This is what researchers Robin Stern and Diana Divecha call the “empathy trap.” When you notice yourself feeling distressed by someone else’s struggle, it’s worth pausing, taking a breath, and asking yourself exactly what you are feeling. What do you need right now? When and how might you respond to this child?
Those of us in the helping professions need to foster this level of conscious self-awareness on a regular basis. I’ve talked with many teachers who often feel as if their emotional energy is dispersed throughout their classroom, and they aren’t sure where to find themselves in the process.
There is a reason why we all keep using the oxygen mask analogy. It’s critical—not selfish—to check your own mask first (i.e., “Do I have what I need to move forward? Have I taken a deep breath and sensed my feet on the ground? Am I calm, composed, and able to respond thoughtfully?”). Otherwise, you may perpetuate feelings of distress and be unable to reach out with genuine empathic concern in the first place.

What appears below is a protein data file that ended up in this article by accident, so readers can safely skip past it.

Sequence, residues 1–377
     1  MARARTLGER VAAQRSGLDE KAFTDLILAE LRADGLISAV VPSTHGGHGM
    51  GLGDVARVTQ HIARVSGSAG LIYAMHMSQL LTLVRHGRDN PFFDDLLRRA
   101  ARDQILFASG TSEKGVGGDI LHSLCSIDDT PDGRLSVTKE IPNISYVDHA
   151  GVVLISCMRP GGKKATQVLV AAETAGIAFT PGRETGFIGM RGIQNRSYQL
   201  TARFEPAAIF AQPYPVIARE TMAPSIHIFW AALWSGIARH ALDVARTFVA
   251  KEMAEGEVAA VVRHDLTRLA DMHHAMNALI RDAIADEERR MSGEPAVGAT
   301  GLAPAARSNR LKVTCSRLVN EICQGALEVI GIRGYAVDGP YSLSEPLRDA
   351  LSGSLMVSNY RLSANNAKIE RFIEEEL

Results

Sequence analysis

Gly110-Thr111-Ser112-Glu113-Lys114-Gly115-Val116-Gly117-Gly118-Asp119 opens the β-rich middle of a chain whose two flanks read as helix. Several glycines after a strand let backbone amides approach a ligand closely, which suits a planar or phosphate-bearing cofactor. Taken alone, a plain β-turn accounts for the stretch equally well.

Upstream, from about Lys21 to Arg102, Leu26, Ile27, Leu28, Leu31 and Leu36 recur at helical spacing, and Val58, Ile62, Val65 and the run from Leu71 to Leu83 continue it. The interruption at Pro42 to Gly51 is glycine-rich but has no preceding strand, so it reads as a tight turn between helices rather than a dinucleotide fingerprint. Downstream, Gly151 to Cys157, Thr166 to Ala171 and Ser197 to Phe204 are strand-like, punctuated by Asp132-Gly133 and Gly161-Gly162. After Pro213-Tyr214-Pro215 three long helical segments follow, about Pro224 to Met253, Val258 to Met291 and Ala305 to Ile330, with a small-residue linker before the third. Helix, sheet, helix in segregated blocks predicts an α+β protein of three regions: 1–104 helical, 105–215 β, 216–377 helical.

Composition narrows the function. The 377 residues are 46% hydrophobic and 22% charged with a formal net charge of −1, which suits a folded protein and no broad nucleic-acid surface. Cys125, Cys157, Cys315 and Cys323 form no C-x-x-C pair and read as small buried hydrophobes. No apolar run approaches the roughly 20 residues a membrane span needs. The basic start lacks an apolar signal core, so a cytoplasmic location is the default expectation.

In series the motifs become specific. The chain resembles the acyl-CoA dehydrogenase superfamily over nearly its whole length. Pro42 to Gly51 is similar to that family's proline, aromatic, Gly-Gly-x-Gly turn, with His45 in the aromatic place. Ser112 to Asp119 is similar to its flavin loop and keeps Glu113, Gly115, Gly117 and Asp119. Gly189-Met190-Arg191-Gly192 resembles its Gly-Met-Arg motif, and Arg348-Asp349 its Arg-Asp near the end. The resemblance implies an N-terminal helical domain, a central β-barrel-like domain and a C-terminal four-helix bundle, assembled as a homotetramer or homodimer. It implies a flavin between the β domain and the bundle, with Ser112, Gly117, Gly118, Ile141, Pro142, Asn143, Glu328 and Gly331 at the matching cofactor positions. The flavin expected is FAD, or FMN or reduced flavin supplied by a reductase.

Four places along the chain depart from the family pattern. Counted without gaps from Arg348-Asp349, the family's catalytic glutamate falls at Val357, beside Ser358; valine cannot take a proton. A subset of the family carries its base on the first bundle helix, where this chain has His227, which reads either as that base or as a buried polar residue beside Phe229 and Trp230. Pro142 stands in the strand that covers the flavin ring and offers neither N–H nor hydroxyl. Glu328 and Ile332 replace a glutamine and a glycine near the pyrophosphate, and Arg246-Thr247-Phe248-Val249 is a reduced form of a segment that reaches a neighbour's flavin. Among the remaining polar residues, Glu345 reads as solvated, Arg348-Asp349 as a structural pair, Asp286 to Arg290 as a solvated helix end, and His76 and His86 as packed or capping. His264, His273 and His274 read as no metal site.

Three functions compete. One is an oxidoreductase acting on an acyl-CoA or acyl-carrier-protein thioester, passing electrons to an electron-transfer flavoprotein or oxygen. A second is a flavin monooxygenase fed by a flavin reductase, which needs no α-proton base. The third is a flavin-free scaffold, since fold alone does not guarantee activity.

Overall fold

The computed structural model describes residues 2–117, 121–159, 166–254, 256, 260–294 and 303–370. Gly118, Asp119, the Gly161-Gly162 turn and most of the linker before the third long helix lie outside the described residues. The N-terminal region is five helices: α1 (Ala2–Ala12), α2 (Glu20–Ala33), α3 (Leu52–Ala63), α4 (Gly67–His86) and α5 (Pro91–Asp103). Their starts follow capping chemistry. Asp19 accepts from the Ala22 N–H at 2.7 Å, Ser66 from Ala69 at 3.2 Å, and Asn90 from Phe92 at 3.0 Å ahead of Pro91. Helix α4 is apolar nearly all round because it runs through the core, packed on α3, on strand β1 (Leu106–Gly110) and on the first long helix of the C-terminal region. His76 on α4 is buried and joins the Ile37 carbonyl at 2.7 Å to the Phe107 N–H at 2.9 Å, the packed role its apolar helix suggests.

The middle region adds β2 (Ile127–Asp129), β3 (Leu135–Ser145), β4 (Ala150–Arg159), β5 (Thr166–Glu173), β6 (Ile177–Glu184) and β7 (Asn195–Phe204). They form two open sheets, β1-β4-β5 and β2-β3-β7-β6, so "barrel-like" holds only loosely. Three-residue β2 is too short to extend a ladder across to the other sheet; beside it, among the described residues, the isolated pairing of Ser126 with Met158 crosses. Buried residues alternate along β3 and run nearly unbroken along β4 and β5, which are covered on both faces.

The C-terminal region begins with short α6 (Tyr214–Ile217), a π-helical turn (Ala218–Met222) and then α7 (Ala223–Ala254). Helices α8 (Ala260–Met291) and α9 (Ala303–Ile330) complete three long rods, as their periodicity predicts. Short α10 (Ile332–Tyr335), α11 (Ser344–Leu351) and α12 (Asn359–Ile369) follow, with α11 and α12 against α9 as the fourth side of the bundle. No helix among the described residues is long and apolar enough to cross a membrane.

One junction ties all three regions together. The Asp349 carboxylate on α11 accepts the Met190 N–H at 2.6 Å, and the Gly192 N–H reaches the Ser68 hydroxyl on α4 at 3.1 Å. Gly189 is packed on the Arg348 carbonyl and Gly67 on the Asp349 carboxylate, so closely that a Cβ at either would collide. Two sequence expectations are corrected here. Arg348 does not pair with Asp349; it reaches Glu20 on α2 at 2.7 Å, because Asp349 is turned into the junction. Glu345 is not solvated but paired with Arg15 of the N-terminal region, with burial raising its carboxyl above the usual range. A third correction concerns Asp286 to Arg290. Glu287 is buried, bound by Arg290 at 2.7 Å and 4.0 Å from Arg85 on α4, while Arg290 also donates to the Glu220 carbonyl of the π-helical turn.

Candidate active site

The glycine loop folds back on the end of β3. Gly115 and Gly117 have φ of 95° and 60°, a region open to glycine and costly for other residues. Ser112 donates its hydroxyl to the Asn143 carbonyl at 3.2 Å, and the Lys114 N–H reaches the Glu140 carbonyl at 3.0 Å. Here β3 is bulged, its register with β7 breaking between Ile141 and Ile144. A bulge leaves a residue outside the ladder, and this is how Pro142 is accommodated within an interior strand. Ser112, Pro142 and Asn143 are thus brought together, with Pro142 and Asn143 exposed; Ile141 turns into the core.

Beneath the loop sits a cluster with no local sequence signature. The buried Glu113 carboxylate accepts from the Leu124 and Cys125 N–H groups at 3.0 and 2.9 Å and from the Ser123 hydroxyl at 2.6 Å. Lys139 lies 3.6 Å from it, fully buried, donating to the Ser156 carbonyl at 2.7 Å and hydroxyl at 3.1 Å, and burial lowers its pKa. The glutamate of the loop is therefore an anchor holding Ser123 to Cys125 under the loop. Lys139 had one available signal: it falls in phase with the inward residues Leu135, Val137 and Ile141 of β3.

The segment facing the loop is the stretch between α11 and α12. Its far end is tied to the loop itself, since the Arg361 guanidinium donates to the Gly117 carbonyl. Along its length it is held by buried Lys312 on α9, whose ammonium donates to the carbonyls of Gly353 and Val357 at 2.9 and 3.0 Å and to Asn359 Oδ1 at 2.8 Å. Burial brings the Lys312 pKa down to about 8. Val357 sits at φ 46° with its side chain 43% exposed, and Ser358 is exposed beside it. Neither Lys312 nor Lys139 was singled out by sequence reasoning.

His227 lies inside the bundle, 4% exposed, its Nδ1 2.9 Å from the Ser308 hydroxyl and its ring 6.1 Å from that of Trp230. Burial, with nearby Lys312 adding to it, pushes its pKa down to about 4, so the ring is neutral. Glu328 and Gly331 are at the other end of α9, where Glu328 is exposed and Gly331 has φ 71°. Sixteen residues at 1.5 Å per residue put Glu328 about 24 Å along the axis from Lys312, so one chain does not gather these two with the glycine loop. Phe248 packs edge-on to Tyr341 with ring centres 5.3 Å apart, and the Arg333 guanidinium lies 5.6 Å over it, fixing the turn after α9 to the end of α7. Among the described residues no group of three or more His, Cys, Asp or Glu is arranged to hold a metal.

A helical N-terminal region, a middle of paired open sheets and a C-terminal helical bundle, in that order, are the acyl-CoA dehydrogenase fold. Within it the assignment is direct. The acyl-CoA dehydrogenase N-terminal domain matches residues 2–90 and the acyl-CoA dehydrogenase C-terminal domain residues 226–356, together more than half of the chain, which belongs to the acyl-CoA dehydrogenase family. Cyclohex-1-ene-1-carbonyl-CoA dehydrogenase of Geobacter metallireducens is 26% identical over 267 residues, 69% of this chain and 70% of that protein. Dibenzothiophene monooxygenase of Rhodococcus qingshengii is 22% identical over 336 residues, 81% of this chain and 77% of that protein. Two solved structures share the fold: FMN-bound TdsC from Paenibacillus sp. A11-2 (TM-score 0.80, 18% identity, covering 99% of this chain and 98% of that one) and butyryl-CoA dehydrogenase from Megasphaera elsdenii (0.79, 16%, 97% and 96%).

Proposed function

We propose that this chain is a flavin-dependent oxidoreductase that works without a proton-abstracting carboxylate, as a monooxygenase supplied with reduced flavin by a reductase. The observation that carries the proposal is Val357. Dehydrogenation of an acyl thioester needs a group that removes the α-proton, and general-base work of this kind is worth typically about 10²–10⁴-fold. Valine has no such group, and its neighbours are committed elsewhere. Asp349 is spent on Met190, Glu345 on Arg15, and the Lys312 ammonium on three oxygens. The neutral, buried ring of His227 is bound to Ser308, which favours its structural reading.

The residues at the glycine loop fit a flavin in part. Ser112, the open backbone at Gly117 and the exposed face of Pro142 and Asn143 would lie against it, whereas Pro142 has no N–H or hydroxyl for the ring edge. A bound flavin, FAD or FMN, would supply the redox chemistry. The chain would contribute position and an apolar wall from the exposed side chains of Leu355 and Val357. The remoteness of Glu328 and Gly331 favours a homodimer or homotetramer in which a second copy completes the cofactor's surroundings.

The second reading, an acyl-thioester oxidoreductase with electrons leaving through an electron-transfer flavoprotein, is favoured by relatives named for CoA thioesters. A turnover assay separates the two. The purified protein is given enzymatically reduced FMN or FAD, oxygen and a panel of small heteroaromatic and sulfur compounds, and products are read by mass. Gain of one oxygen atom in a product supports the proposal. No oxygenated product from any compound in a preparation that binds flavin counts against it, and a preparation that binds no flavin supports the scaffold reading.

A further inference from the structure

2. Question your thoughts and feelings
If you are navigating particularly distressful feelings, which are inevitably intertwined with thoughts and behaviors, consider one of the most research-based strategies for managing difficult emotions: cognitive reappraisal.
This involves changing your interpretation of a situation or event. It can help to lessen both emotional and physical feelings of anxiety, and it can also be used to reduce depression after stressful experiences.
If you are empathizing with a child in pain (or just feeling frustration, fear, or sadness), you can ask yourself a series of questions, whether in that moment or later in the day:
- What is the situation that triggered me?
- What am I thinking or imagining?
- What does this thought make me feel?
- What makes me think the thought is true or accurate?
- What makes me think the thought is not true or, at least, not completely true?
- Is there another way to look at this? If so, what is it?